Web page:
In early 2008, we were privileged to have a visit to NZ from a Swedish Haflinger owner/breeder, Kerstin Dreborg, who while on holiday took the time out to judge at the North Island All Breeds In Hand Horse Show, and to visit with NZ Haflinger owners. The following is the article Kerstin wrote about her trip.
Haflingers at the end of the world – New Zealand by Kerstin Dreborg
What would you do if you got an invitation to judge a haflinger show on the other side of the Earth? Well, one thing you could do is to take a big part of your savings and buy yourself a ticket! That’s what I did when I was asked if I could judge the haflinger class at the 2008 NIABIHHS (North Island All Breeds In Hand Horse Show).
New Zealand is situated as far from my home country Sweden as you can possibly get, and the flight took almost exactly 30 hours. Needless to say, I was very tired when we landed at Auckland International Airport in the morning of January 4th. There are many rules as to what you may and what you may not bring into New Zealand, so I was a little nervous about how much disinfectant I would get drowned in before I was let into the country, considering the fact that I live in the countryside, own horses etc., but sometimes luck strikes in the most unexpected way. In the customs at Auckland International Airport there’s a special employee named Kelly Anderson, who also happens to be one of New Zealand’s few haflinger owners, and I was lucky enough to meet her while I was looking for my luggage – which was lost in Sidney, by the way, I was very happy to have put not only my toothbrush, but also my judging dress, high heeled shoes and my hat in my hand luggage. Kelly let me pass the very long queue in the customs and disinfected me and my shoes in no time. Then she brought me to Pat Reid, chairman of the Haflinger Horse Association New Zealand, who was kind enough to pick me up at the airport. Pat and her husband Collin own two haflingers, Strizzi and Suzzi (mother and daughter). Suzzi is the first haflinger born in New Zealand, imported in utero from Australia. Pat and Collin’s neighbour in Whangamata is Brigid Verry, whom I learned to know at the Internet 7 years ago, and with whom I have had many interesting conversations throughout the years. Today she has no haflingers, but it was very nice to finally meet her ”live”!
The show was held over two days in Hamilton on the North Island. The showground was full of well groomed horses in all sizes, from miniature horses to huge Clydesdales – and ladies! Ladies with hats of a size and style that at least I had never seen before. There were eight haflingers entered in the haflinger class on Sunday. One did not turn up, so there were only seven, but seven very high class haflingers! Quite up to the standard of the haflingers in Europe. Very impressive!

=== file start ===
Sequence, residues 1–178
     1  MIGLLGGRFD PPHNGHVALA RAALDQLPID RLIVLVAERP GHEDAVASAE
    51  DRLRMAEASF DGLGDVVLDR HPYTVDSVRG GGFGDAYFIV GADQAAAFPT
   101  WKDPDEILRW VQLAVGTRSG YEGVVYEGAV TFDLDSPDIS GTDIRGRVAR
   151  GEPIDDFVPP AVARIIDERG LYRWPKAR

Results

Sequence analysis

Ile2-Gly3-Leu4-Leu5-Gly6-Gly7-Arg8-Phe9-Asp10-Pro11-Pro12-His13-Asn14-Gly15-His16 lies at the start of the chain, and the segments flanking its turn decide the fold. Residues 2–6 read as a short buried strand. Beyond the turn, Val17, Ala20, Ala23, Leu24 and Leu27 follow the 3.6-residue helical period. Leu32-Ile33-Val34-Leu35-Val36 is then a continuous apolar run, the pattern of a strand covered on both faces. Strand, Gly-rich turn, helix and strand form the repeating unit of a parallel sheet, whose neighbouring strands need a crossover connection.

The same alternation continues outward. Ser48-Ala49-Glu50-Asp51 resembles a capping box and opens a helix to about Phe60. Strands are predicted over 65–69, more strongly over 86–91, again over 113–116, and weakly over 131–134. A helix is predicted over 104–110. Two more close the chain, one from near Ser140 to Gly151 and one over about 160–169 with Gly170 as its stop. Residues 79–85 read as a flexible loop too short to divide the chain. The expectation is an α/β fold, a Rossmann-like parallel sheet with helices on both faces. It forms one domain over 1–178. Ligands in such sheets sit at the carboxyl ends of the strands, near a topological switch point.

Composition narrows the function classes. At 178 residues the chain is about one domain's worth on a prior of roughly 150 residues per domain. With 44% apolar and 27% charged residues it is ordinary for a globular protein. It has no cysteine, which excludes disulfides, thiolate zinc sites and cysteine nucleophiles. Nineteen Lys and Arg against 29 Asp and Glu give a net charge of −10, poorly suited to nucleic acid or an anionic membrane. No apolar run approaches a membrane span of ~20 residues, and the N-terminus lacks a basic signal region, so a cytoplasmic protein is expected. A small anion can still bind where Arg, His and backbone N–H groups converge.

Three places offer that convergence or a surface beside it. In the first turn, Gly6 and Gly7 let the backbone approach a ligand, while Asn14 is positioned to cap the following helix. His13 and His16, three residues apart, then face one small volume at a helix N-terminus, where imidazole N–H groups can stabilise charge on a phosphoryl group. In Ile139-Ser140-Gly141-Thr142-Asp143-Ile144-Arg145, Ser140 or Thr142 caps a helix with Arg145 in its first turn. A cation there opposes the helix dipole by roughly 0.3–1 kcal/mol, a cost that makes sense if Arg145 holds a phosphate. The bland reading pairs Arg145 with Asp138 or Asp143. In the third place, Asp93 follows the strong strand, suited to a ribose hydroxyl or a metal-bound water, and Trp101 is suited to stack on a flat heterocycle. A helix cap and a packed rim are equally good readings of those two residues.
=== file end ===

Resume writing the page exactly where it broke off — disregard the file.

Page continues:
After the show I realized that I had managed to give at least one ribbon to every single horse. That felt really good, as all the horses were nice representatives of the breed, and they were all very well prepared for the show. After the show I was also informed that no one less than Hannes Schweisgut, president of the WHF had expressed the same opinion on the overall quality of the New Zealand haflingers as I did. It’s nice to agree with such a “celebrity”… Champion Adult Haflinger was the four year old mare Rose d’Amour, owned by Petra Matheson. Champion Youngstock Haflinger was Colleen McGuinness’ handsome colt Ace, imported in utero from Australia. Most beautiful of them all, Overall Champion was Rose d’Amour, who thereby got the honour to represent the breed among all the other Breed Champions in the competition for Supreme Champion.
Directly after the show, I flew to the South Island, where I spent a week in the wilderness among firn trees and mountain tops. I also saw the haflingers in the South Island; Amberg, the only approved haflinger stallion in New Zealand, Rianna, Rosebud, Delta and Rianna’s foal with Amberg, little Albert. I had been given the honourable task to look at and judge all registered haflingers in New Zealand, and to choose one All New Zealand Haflinger Adult Champion and one All New Zealand Haflinger Youngstock Champion. This was arranged so because of the distances in the country, and the effort and costs that would have been huge for the breeders in the south to participate at the NIABIHHS. Also, I really wanted to see all haflingers in New Zealand, now that I had travelled all over the world and was in the country! At Vidhi’s I also got to see the first ”quarterlinger” in my life, i.e. a cross between haflinger and quarterhorse.
I then went back to the North Island, namely to Taranaki, where Colleen McGuinness and her family lives together with their horses, among others also six haflingers, Oolala, Ace, Ash, Winterthur, Lorelei and Lil Elmo. At Colleen’s I got to ride no one less than Lorelei, the mare who, together with Rianna, was the first haflinger to “set hoof” on New Zealand ground.
Outside Auckland, in the same barn as beautiful Rose d’Amour, is also the mare Restless and her colt Waldmeister. Poor little Waldmeister was ”imprisoned” at the time I visited, and was only allowed to spend the day in a small paddock, because of a knee injury. I was very happy to get the news that ”Waldi” was declared totally recovered shortly after I returned home!
I got to ride Rose d’Amour and later also Lee, and did a few other things, like hiking through beautiful waterfalls and petting an almost tame eel, before I left for Auckland International Airport again, with tears in my eyes, I must admit. The trip home took 37 hours from the airport in Auckland to the airport in Stockholm. And still I just wanted to go back immediately!
I would like to say a big THANK YOU to all the “kiwi” haflinger owners, for taking such good care of me. It was a lovely trip, to a lovely country, and I learned to know some lovely people.